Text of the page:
Although CTAs are one of the few strategies in which institutional investors are likely to have direct exposure to commodities, it is crucial to note that plenty of CTAs do not invest in this sector. The CTA acronym has long been a misnomer, with these strategies also trading the ‘financials’ of equity, bond and currency markets alongside the commodities markets where many of the first CTA firms had their roots. The choice to avoid commodities can be driven by a number of considerations, including the type of vehicle (it is more complex and costly to include commodities in a UCITS structure), investment beliefs or even ESG factors—some clients do not wish to be seen to be speculating on commodities, particularly food prices.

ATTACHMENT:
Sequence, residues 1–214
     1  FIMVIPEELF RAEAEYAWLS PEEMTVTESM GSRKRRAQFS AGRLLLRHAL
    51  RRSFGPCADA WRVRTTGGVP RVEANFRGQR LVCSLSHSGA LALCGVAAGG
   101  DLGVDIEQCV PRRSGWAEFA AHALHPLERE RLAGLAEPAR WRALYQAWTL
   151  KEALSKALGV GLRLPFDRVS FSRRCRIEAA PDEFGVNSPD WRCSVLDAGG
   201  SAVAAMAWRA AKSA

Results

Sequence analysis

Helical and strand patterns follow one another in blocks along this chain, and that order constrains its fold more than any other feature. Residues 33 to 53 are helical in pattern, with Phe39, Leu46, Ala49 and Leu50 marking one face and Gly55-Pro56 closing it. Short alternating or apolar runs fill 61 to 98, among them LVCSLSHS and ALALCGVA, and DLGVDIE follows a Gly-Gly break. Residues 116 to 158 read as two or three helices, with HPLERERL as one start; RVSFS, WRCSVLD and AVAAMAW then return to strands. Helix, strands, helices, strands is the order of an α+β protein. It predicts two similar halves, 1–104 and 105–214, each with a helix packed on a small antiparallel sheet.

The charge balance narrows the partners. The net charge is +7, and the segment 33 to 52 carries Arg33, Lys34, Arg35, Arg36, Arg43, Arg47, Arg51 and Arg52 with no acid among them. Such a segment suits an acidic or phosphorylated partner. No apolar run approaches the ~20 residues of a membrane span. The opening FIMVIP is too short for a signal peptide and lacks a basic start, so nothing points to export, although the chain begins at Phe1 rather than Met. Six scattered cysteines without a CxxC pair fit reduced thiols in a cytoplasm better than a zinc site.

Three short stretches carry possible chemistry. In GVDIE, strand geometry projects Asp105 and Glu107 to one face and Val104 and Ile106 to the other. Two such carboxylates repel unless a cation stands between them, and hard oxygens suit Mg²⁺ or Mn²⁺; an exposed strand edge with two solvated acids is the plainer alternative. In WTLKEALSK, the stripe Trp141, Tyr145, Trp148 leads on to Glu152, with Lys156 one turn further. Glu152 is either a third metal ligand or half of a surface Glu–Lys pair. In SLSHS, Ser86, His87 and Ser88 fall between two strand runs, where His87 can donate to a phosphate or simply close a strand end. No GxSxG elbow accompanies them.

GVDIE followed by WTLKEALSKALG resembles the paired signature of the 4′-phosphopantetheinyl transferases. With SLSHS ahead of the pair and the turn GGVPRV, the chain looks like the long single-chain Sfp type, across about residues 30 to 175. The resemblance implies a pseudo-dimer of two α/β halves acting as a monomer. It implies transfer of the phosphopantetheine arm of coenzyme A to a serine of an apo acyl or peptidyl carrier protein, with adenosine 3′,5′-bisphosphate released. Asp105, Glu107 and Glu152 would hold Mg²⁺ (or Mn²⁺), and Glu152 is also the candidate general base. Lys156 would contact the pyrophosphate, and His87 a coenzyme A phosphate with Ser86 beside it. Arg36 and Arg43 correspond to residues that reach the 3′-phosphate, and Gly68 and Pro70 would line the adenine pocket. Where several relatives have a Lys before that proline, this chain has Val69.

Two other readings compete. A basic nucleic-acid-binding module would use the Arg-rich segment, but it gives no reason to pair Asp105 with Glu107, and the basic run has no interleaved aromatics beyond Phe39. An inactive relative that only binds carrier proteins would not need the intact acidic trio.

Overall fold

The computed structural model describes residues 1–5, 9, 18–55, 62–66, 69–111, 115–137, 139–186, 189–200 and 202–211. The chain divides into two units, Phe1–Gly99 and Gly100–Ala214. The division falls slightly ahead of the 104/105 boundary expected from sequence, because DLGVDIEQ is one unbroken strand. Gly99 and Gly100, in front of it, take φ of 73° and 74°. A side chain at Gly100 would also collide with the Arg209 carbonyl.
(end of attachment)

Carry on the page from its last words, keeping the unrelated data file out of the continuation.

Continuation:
Using a peer group of managers assessed in recent bfinance research on trend-following CTAs, we can examine the performance of trend-following strategies that only trade financials (10 funds) and those that trade both financials and commodities (21 funds).
Performance of CTAs with and without commodities in 2021
Source: Drewry Container Forecaster
It is very clear that the inclusion (or exclusion) of commodities was a major determinant of performance in 2021 as the best quartile fund without commodities performed in line with the top of the worst quartile of funds with commodities. The median performance of CTAs ‘with commodities’ was +6.7% vs. -4.9% for those ‘without commodities’.